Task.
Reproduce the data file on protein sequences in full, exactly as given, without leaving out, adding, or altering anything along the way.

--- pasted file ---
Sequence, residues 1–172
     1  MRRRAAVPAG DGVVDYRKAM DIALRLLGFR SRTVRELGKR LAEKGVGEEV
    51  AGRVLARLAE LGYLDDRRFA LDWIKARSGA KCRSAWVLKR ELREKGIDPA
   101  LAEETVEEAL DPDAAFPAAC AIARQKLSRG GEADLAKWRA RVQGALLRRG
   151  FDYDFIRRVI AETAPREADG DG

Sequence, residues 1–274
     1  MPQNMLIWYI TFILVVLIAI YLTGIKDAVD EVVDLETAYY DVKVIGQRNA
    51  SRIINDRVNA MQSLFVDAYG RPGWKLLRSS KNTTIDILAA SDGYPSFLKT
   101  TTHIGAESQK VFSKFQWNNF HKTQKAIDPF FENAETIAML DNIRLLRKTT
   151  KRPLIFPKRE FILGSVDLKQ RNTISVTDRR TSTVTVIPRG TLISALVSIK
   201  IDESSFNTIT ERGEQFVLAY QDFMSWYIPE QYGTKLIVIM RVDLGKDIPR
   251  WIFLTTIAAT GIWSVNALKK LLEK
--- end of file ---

Sequence, residues 1–172
     1  MRRRAAVPAG DGVVDYRKAM DIALRLLGFR SRTVRELGKR LAEKGVGEEV
    51  AGRVLARLAE LGYLDDRRFA LDWIKARSGA KCRSAWVLKR ELREKGIDPA
   101  LAEETVEEAL DPDAAFPAAC AIARQKLSRG GEADLAKWRA RVQGALLRRG
   151  FDYDFIRRVI AETAPREADG DG

Sequence, residues 1–274
     1  MPQNMLIWYI TFILVVLIAI YLTGIKDAVD EVVDLETAYY DVKVIGQRNA
    51  SRIINDRVNA MQSLFVDAYG RPGWKLLRSS KNTTIDILAA SDGYPSFLKT
   101  TTHIGAESQK VFSKFQWNNF HKTQKAIDPF FENAETIAML DNIRLLRKTT
   151  KRPLIFPKRE FILGSVDLKQ RNTISVTDRR TSTVTVIPRG TLISALVSIK
   201  IDESSFNTIT ERGEQFVLAY QDFMSWYIPE QYGTKLIVIM RVDLGKDIPR
   251  WIFLTTIAAT GIWSVNALKK LLEK